To help measure the impact your Facebook ads are having on your offline conversion, Facebook introduced a one-of-a-kind measurement solution. Essentially, it compares offline event data from your CRM system to shoppers who have seen or clicked on your Facebook ads – drawing a correlation between the two. This helps measure not only the effectiveness of your Facebook ads but also your overall return on ad spend.
Over the years, retailers have had to get creative when it comes to digitizing their business. One of the most successful initiatives has been the concept of click-and-collect, also known as BOPIS (buy online, pickup in-store). The idea is simple, offer the convenience of online shopping, with the immediacy and tangibility of in-store buying. This way, consumers are able to pick up their product at their convenience (e.g. on their lunch break), while you are able to save on shipping costs and initiate a lasting customer relationship with your buyers.
Once a shopper is in your store, you also have the opportunity to sell additional items. According to a Bell and Howell study, 69% of holiday BOPIS shoppers in 2017 made additional purchases when picking up their original order. Moreover, 49% of shoppers claimed to have made unintended purchases when picking up in-store.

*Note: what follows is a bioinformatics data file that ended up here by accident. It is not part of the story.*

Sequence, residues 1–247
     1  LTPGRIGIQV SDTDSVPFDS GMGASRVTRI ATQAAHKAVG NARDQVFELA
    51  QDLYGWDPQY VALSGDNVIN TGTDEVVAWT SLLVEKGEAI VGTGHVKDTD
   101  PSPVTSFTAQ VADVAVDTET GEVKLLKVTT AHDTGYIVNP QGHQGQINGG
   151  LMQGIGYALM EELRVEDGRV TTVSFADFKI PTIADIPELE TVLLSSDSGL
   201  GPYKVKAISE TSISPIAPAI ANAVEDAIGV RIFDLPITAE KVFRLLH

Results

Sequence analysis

For enterprise retailers like Walmart and Home Depot, the BOPIS strategy has already proven effective in boosting in-store sales. In fact, Walmart’s US Ecommerce Chief announced that the retailer would be offering BOPIS in over 2000 stores by the end of 2018.
“We’re combining the accessibility of our stores with e-commerce to provide new and exciting ways for customers to shop,” Walmart CEO Doug McMillon
But Walmart and Home Depot aren’t the only retailers to implement such a strategy. According to Zebra’s 2017 Retail Vision Study, 90% of retailers will implement BOPIS by 2021.
Along the same lines as BOPIS, an increasing number of brick-and-mortar retailers are starting to accept product exchanges and returns of online purchases. This tactic is a great way for retailers to leverage their physical store locations. For the consumer, it provides a level of convenience and efficiency. They no longer have to deal with the shipping and handling of unwanted items. For retailers, it’s a great initiative to get shoppers in their stores, even when the original purchase was made online.